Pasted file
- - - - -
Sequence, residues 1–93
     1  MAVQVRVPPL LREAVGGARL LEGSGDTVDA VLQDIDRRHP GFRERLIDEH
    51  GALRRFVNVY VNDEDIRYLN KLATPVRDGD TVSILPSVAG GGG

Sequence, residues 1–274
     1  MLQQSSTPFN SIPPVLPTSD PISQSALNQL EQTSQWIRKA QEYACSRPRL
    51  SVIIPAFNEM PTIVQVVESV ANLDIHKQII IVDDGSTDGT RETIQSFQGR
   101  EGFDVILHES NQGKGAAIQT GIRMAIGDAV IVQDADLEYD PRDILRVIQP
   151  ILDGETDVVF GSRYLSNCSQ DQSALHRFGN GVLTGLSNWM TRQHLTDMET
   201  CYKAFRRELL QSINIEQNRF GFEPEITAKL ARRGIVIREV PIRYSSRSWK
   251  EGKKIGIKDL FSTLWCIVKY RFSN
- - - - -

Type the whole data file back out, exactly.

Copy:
Sequence, residues 1–93
     1  MAVQVRVPPL LREAVGGARL LEGSGDTVDA VLQDIDRRHP GFRERLIDEH
    51  GALRRFVNVY VNDEDIRYLN KLATPVRDGD TVSILPSVAG GGG

Sequence, residues 1–274
     1  MLQQSSTPFN SIPPVLPTSD PISQSALNQL EQTSQWIRKA QEYACSRPRL
    51  SVIIPAFNEM PTIVQVVESV ANLDIHKQII IVDDGSTDGT RETIQSFQGR
   101  EGFDVILHES NQGKGAAIQT GIRMAIGDAV IVQDADLEYD PRDILRVIQP
   151  ILDGETDVVF GSRYLSNCSQ DQSALHRFGN GVLTGLSNWM TRQHLTDMET
   201  CYKAFRRELL QSINIEQNRF GFEPEITAKL ARRGIVIREV PIRYSSRSWK
   251  EGKKIGIKDL FSTLWCIVKY RFSN